It’s fair to say that the quality of your code has a direct correlation to the success of your product. Products crafted to a high quality using proven techniques and industry accepted standards have a better chance of succeeding. This applies to any field; be it. car production, joinery and most certainly software development.
Most computer programmers agree it is good practice to write code that follows a strict coding standard. Common rules are accepted within the industry in relation to code quality: such as; keeping your functions and procedures small and simple; ensuring objects have high cohesion and low coupling; and, implementing principles like inheritance, encapsulation and polymorphism. However, what we find within the software industry is these rules are well known; but, more often not followed. This isn’t because rogue programmers are intentionally ignoring these principles, or, lazy, it is more the case that these things are difficult to do and equally difficult to measure.
It is not uncommon for an organisation, or, an individual to require code quality management for multiple source code repositories written in different languages. Does such a tool exist? Yes. Introducing sonar. Sonar is an open platform to manage code quality. The documentation on the official site includes installation instructions and much more – so I will not repeat this here. But I will cover the basics.
After installing sonar, one must start the sonar software. It can be started from the command line, by calling a batch file. This batch file is called ‘StartSonar.bat’ and resides within the ‘\bin\arch\’ installation sub-directory e.g.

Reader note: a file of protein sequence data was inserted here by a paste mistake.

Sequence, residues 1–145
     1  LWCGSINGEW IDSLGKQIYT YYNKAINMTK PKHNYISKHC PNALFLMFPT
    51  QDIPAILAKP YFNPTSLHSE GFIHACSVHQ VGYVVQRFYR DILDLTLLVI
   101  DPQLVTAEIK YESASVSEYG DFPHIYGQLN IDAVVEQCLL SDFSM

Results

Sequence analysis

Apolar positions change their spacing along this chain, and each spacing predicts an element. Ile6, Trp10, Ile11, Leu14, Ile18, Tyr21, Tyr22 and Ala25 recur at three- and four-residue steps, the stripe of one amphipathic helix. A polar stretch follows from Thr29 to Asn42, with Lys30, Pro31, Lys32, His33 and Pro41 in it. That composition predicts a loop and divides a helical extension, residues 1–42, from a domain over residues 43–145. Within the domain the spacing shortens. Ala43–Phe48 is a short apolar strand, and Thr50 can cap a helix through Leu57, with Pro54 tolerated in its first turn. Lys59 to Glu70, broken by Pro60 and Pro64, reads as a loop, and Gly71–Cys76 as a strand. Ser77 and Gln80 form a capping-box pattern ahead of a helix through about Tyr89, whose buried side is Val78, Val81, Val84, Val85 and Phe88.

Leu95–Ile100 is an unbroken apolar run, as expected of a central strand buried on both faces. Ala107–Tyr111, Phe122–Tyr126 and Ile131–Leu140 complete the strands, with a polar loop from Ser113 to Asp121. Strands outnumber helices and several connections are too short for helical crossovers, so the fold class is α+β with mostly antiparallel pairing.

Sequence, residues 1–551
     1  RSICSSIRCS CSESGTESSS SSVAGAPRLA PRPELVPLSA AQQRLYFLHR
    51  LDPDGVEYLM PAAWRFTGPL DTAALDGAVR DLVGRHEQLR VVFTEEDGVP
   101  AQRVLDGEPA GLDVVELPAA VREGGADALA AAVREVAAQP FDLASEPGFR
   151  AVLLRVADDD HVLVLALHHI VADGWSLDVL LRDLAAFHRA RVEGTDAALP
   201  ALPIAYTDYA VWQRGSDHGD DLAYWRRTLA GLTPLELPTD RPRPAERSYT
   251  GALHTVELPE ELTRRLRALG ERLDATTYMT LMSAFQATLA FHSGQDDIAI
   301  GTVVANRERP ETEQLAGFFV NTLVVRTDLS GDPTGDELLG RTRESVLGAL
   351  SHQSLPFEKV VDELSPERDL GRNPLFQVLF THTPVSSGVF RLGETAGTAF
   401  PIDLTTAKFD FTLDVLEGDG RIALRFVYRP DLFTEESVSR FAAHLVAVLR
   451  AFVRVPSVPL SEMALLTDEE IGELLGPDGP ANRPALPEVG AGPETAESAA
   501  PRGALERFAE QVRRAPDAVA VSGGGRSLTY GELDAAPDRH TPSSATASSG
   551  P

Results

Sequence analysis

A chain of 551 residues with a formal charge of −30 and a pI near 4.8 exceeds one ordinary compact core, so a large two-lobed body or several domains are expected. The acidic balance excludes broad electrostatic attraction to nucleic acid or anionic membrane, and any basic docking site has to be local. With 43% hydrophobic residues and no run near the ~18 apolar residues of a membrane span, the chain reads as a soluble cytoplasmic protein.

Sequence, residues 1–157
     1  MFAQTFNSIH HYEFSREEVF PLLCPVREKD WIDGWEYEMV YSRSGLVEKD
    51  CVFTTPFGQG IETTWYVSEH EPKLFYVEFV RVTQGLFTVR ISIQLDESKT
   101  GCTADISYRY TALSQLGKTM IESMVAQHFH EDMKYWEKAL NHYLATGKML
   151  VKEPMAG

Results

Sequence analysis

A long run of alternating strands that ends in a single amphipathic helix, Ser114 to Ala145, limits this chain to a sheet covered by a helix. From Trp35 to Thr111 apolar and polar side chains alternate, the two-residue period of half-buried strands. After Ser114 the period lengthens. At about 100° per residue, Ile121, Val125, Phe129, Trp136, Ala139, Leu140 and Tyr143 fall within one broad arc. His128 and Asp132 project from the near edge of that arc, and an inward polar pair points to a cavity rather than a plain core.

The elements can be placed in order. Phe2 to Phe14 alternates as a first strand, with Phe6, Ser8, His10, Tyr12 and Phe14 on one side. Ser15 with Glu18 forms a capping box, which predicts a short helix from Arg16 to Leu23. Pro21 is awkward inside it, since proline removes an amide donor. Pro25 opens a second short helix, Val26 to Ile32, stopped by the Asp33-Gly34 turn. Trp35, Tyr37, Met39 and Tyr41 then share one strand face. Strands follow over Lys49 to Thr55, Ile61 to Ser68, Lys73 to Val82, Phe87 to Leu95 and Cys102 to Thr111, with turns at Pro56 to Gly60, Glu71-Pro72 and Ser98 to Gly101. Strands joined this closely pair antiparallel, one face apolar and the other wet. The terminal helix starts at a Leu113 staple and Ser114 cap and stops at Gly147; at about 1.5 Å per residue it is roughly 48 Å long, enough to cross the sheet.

Sonar can take a while to start, but once started you can log on to the management interface using browser. The management interface is available on port 9000. Thus, it is accessible via the URL http://localhost:9000. The default screen includes a summary of any projects that you have previously analysed:
The information within this screen very useful. The ‘Lines of code’ (LOC) and ‘Rule compliance’ column shows the rating and trends for each project analysed: hopefully this will show an upward compliance trend! Drilling into a project reveals the specific details:
The details summarized in this page are very useful. When a project is analysed it is assessed using a default rule-set. Sonar compares the source code for the project and compares it against the rule-set, looking for violations against common good practices. Trends are provided for the violation count, including categorised violations. Interesting statistics and analysis shows instants of duplicate code, percentage of commented code and the results of any unit tests! Very powerful indeed.
Further drill downs reveal the detail of each. For example, the following screen details the two critical violations noted above.
Using this information one can then refer the results back to the development team to rectify the findings.
The analysis is performed by running the tool ‘sonar-runner.bat’. This should be executed from the base directory of the source code. The sonar-runner process expects one input: a properties file. This file specifies properties such as the name and version of the project to be analysed, source code language and directory structure. The format of the file is well documented on the official site so I will not go into the detail; however, an example follows:
On completion the results are instantly available within the management interface:
The above now shows the Chess project is 100% compliant with the rule-set.
As you can see this product is very powerful indeed. In fact, the above only scratches the surface. The sonar project allows much more; including, user-defined rule-sets, continues automated integration, unit test execution and plug-in driven extension model!